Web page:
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Monday, 05 January 2004 00:00

Asthma And Diving

By Dr Simon Mitchell

There is no single subject in diving medicine that I am asked about more often than the implications of asthma for diving fitness. This is hardly surprising. Asthma is a prevalent disease in Australia and New Zealand, affecting up to 10 - 15% of the population of children in both countries. Many "asthmatics" eventually want to dive, and unfortunately, there are a number of concerns about the effect of asthma on diving safety. Diving physicians have traditionally taken a conservative approach to asthma in diving fitness assessments. Mention the word and you were ejected from the surgery faster than you could say "but it wasn't serious and its gone now".

Part 1

More recently, some diving physicians, myself included, have begun to take a more liberal "informed consent approach" to the assessment of previous or mild asthmatics for diving. This has seen some candidates who would previously have been prevented from diving being allowed to dive after making an informed choice about risk acceptance. In this article I will describe asthma and why it is a concern in diving. I will also describe what I consider to be a modern and sensible approach to diving fitness assessment for an "asthmatic".

What is asthma?

Asthma is a condition that affects the medium to small airways in the lungs. In the asthmatic, these airways are prone to becoming narrowed, thus impeding the flow of air in and, in particular, out of the small air sacs (alveoli) where gas exchange occurs. The narrowing occurs by 3 potential mechanisms: constriction of the muscle within the walls of the airway; swelling of the tissues lining the inside of the airway; and the secretion of mucus from those tissues.

The trigger for these events is often an allergic response to a specific stimulus, such as pollen, animal fur, house dust, and many other allergens. Some asthmatics respond to what appear to be physical stimuli such as exercise or a change from breathing warm air to cold air. The irritation of the airways during a viral chest infection is another potent stimulus for airway narrowing in some patients. The potential stimuli form a very long list.

The result is that the patient feels short of breath and there may be an audible wheeze, especially on exhalation. It is notable in the context of a discussion on diving medicine that for reasons I won't go into, the restriction to breathing is more on exhalation than inhalation. In other words, there is a tendency for air to become trapped in the lungs. In serious cases airway narrowing can cause severe difficulty breathing, and asthma attacks can certainly be fatal.

One of the biggest problems in discussing asthma, and this is particularly true of discussing asthma in the context of diving, is that the spectrum of severity is extraordinarily wide.

To begin with, there is a large group of patients who are best described as "previous asthmatics". In other words, they suffered asthma as a child, but like nearly half of all childhood asthmatics, they grew out of the problem around puberty and have not wheezed or used medication for years. In at least some previous asthmatics the diagnosis may have been wrong in the first place. Unfortunately, the diagnosis of asthma tends to stick for life, and especially in the past, many diving candidates were failed because of a history of childhood asthma. Then there is an intermediate group of intermittent asthmatics who wheeze only occasionally, usually in response to a clearly identifiable stimulus such as a cold. Finally there are the "active" asthmatics who wheeze frequently and require regular medication. Of course, these "groups" that I describe are somewhat arbitrarily defined, and not every asthmatic falls exactly into one of them. Indeed, every patient needs to be considered "on their own merits" for want of a better expression, and my main point here is that the word "asthma" can mean many things.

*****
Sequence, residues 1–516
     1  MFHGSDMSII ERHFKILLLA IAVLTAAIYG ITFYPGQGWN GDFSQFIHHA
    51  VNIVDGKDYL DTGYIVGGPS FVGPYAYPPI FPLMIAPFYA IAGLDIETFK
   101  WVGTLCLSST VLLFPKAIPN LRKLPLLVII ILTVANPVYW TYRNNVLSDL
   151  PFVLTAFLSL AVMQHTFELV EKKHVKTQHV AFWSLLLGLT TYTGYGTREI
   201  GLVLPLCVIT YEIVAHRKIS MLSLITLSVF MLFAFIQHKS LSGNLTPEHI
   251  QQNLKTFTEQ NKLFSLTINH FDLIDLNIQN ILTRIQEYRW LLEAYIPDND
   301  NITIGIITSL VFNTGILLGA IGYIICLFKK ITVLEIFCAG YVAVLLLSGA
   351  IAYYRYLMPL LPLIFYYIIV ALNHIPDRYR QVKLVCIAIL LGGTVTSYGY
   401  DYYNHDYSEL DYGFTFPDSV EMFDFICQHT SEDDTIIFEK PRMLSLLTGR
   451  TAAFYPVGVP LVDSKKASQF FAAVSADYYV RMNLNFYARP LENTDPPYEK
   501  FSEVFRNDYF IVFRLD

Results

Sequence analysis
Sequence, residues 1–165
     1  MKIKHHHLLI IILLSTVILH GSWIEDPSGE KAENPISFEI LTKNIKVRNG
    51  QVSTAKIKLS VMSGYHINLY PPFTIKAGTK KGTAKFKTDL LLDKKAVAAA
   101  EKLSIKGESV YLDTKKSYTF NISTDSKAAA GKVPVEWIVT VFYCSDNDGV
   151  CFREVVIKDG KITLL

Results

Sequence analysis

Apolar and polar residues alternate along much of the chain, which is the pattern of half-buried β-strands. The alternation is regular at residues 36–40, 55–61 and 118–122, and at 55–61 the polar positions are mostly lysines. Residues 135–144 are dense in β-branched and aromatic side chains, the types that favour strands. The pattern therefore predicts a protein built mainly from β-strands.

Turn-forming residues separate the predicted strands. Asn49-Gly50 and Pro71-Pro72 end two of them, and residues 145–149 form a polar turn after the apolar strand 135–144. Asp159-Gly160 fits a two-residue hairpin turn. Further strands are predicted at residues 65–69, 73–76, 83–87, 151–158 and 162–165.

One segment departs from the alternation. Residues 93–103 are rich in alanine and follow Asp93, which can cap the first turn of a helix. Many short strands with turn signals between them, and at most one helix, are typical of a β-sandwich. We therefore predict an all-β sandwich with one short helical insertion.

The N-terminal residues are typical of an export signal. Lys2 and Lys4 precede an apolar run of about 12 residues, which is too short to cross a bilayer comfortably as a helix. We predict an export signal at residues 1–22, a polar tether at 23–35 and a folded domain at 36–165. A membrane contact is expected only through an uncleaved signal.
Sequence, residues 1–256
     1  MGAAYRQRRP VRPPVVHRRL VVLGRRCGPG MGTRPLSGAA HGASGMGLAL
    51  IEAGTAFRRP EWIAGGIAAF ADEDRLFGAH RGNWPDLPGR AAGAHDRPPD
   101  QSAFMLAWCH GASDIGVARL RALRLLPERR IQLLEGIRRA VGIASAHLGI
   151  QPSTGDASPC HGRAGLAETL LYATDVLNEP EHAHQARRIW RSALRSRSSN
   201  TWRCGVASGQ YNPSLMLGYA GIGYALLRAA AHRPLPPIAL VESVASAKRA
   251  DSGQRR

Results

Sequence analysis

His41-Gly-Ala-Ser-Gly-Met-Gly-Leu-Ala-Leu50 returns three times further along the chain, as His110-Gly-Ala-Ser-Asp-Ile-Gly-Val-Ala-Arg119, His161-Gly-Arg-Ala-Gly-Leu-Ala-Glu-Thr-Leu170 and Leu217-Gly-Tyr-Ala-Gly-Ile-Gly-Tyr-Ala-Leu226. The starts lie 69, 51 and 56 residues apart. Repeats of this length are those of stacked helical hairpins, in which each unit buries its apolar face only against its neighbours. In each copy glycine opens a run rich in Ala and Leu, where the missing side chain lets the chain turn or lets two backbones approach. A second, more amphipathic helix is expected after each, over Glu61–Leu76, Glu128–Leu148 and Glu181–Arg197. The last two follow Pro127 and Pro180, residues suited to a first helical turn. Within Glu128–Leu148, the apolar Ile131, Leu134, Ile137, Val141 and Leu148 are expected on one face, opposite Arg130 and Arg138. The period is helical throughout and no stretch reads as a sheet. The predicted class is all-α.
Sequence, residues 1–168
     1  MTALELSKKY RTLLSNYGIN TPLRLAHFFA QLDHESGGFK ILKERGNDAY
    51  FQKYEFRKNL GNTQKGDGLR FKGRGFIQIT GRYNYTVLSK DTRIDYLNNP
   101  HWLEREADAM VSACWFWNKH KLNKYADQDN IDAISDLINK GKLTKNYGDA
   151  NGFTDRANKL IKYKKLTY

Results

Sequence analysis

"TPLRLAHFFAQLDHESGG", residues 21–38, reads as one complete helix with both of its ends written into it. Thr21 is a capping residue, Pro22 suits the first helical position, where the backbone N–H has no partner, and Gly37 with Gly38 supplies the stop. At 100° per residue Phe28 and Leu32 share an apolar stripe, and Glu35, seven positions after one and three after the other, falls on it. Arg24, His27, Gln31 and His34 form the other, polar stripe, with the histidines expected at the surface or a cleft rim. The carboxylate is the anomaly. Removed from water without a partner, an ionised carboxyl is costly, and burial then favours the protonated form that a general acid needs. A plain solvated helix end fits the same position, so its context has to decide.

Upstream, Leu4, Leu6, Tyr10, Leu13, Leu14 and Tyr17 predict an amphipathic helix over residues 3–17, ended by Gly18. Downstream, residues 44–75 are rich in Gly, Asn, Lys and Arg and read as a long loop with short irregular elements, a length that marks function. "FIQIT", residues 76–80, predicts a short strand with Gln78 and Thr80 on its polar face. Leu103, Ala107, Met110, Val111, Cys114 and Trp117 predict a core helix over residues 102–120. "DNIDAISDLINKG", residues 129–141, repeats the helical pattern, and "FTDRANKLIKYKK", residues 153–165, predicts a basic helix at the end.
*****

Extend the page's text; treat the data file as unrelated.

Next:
Asthma is treated with two main classes of drugs, frequently known to users as "relievers" or "preventers". Relievers are usually used to treat asthma once the patients have actually developed symptoms. They are classically drugs that act to relax the smooth muscle of the airway walls, but some also target the swelling and mucus production that also cause narrowing of the airway. Preventers are designed to be taken all the time, even in the absence of problems, in order to prevent symptoms arising. These agents are usually designed to blunt the allergic response to irritant stimuli and they are often very effective as long as the patient is compliant with taking them. The division between these classes of agents has become more blurred recently with the development of combination drugs and longer acting relievers that help to prevent further symptoms as well.

Problems with asthma in diving

There are 3 main concerns about asthma and diving. I will revisit this later, but as you read of these concerns you should be aware that at least some of them are speculative and derived more from first principles than from concrete evidence that there really is a significant problem.

First, asthma may make the diver more likely to suffer a diving related illness. We are all taught that the most important rule in diving is to breathe normally and to never hold your breath. If a diver ascends whilst holding their breath, then the expanding air can damage the delicate lung tissue, and air may be introduced directly into the blood, travel to the brain and cause an arterial gas embolism (AGE). There is concern that an asthmatic may suffer narrowing or blocking of small airways during a dive, and that expansion of any trapped air during ascent may lead to the same problem. There is also concern that the use of reliever medication such as ventolin prior to diving may cause the lungs to be less efficient at filtering the venous nitrogen bubbles that we all form after most dives. These bubbles may then get through the lung circulation to reach the arteries where they might, in theory, be more likely to contribute to the development of decompression illness.